In a training exercise, Somerville Police Officer Eli Kim, left, tries to book Somerville Officer Samir Messaoudi — playing the role of a man with schizophrenia — while Cambridge Police Officer Fred Cabral does the sound effects of voices in Messaoudi’s head.
Credit Via WBUR, courtesy Cambridge Police Department
In the 1990s, New Hampshire topped national rankings for its mental health system. Over the past twenty years, however, care has deteriorated to the point of crisis. With the erosion of community-based care, a ‘revolving door’ pattern of hospital admissions, and an alarming number of mentally ill Granite Staters in our prisons and jails. And so, in early 2012, the Disabilities Rights Center filed a lawsuit against the state on behalf of six plaintiffs who had experienced prolonged stays in state institutions.
Guess what. (What?!). You got the better of Monday. Reward yourself with a healthy dose of Word of Mouth. Today, we're looking at mental illness in our ancient ancestors, the prudish beginnings of the graham cracker (minus the chocolate and marshmallow), Netflix documentaries, and the choreography of Doug Elkins. Dance your heart out, relax with Netflix, and replenish with a s'more. Just steer clear of the ancient hallucination-inducing furies. Listen to the full show and scroll down for more on each segment.
A new bill would prohibit gun sales to some with mental illness. Supporters say it’s a common sense public safety measure. But there has been fierce opposition from some gun-rights groups, and from advocates who say the mentally ill are being unfairly singled out and are far more likely to be victims than perpetrators of violence.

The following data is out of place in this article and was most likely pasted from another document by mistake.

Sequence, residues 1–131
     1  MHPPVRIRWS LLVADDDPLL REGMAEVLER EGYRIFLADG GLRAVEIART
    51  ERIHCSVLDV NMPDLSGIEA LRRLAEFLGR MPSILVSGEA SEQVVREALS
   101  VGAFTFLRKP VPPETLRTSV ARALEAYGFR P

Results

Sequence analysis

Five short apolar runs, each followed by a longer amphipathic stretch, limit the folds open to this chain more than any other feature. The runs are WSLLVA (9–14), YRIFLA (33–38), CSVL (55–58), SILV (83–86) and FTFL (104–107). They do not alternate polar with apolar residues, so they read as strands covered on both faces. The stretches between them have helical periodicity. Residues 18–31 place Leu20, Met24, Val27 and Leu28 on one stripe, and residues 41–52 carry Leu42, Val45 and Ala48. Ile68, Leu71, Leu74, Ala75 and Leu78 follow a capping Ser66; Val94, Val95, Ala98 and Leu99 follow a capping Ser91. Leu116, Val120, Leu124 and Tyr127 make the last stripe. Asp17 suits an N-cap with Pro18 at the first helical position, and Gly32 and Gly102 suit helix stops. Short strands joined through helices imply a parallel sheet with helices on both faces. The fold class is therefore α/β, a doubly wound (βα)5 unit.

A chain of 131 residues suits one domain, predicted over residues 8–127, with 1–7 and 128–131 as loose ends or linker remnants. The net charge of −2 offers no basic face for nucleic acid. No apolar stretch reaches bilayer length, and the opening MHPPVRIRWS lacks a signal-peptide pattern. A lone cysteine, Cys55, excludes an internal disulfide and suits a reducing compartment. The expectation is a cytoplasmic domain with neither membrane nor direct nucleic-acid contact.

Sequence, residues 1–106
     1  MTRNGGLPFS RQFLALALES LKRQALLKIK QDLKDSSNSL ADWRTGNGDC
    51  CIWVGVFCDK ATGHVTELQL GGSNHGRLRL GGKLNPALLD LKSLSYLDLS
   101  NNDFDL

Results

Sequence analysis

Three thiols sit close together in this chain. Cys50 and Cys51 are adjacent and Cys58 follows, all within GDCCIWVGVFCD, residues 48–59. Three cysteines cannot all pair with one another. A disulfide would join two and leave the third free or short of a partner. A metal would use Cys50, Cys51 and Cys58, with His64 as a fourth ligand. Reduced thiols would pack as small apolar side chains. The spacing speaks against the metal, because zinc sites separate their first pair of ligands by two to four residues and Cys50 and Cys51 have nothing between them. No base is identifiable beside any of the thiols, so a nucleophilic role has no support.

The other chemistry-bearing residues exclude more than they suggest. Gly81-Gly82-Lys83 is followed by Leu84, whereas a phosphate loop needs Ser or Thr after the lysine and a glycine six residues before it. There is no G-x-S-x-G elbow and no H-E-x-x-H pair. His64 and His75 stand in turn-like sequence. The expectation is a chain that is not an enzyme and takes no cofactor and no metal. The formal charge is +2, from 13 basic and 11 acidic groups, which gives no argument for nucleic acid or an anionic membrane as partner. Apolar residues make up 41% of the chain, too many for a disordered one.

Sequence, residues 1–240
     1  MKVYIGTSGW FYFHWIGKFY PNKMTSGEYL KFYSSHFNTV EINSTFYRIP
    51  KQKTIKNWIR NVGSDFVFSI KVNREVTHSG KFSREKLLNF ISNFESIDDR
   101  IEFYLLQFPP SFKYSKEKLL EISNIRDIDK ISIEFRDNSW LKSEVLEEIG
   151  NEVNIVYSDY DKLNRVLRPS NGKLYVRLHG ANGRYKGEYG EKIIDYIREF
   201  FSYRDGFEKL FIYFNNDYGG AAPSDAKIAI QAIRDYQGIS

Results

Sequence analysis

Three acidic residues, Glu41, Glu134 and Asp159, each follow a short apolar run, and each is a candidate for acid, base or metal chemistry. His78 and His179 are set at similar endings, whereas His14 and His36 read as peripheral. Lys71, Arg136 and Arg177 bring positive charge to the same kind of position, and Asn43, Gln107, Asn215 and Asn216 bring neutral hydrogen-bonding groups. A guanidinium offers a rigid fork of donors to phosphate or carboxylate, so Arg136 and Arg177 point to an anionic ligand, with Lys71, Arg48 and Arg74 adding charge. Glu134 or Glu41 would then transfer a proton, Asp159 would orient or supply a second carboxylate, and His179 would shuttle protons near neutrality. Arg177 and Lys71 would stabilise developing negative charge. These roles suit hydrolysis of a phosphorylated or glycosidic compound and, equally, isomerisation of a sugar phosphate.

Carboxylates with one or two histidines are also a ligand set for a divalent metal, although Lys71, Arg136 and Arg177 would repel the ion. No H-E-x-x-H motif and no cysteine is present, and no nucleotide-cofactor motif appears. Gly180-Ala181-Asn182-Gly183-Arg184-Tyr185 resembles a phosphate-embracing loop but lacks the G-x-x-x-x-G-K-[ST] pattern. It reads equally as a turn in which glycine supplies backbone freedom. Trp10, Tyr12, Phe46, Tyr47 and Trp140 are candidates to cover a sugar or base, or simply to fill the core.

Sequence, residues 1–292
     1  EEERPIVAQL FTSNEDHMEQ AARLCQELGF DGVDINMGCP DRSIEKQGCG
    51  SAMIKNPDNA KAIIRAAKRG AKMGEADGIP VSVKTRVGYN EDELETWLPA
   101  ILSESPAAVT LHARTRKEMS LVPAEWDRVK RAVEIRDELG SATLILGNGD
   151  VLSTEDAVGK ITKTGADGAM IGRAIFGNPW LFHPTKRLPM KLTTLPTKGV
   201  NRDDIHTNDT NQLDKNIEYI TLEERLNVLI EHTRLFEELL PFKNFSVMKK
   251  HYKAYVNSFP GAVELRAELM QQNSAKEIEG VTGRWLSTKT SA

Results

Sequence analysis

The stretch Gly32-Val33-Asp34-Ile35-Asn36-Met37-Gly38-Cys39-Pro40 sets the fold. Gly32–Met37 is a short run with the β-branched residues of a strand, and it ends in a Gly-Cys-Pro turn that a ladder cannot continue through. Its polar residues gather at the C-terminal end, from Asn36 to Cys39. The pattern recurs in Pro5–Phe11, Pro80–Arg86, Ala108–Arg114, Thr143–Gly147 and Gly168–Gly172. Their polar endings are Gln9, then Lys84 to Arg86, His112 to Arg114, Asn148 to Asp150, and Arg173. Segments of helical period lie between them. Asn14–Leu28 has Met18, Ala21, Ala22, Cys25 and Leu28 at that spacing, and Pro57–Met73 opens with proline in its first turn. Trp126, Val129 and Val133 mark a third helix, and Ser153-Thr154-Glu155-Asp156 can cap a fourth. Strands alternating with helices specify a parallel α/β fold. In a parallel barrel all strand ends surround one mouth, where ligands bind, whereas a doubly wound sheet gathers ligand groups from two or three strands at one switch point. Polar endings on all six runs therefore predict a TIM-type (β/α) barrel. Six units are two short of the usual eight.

You would think that the commissioner of the state’s largest agency has one of the biggest to-do lists of the year, and for Health and Human Services Commissioner Nick Toumpas, you’re probably right. A new year brings new challenges for Toumpas: with Medicaid, there’s the implementation of its managed care program, as well as the continuing debate over its expansion.
The unthinkable event that left twenty school kids and six teachers dead in Newtown, Connecticut last year, stunned a nation. But Newtown didn’t stand alone; there have been many incidents in the last few years that left us in disbelief, like the ones at Virginia Tech, Washington’s naval shipyard, an Aurora, Colorado movie theater, and a Wisconsin Sikh Temple. The two things they had in common: a gun was used, and in many cases the perpetrator had a mental illness. This year, as debates crossed the country about gun control; the question ‘are we doing enough for the mentally ill?’ arose.
With rising need and limited dollars, how best can we use funding? Should we add more acute care hospital beds, boost community services, focus on drug and alcohol treatment or diseases like schizophrenia?
A recent article in the Concord Monitor outlines the often-hidden but serious problem of this mental illness. An estimated one-in-ten Americans have this disease and have to deal with not only the symptoms, but managing the health care system and the stigma around depression. We’ll look at this issue and how it’s addressed in New Hampshire.
We recently talked with psychologist Amelia Rachel Hokule’a Borofsky about Radio La Colifata, the world’s first and largest radio station broadcast from a psychiatric facility. She made several visits to El Borda National Psychiatric Hospital in Buenos Aires to see, and hear Radio La Colifata for herself.
It got us thinking about other unique places with radio broadcast frequencies. Here's our top five.
Our 11 for '11 series continues with Raymond Tallis, author of Aping Mankind, on why our focus on brain-science may be overrated. PLUS, the next segment of the WBEZ series "Out of the Shadows", and why American Chinatowns are becoming American ghost-towns. And a brief look at the science of polling.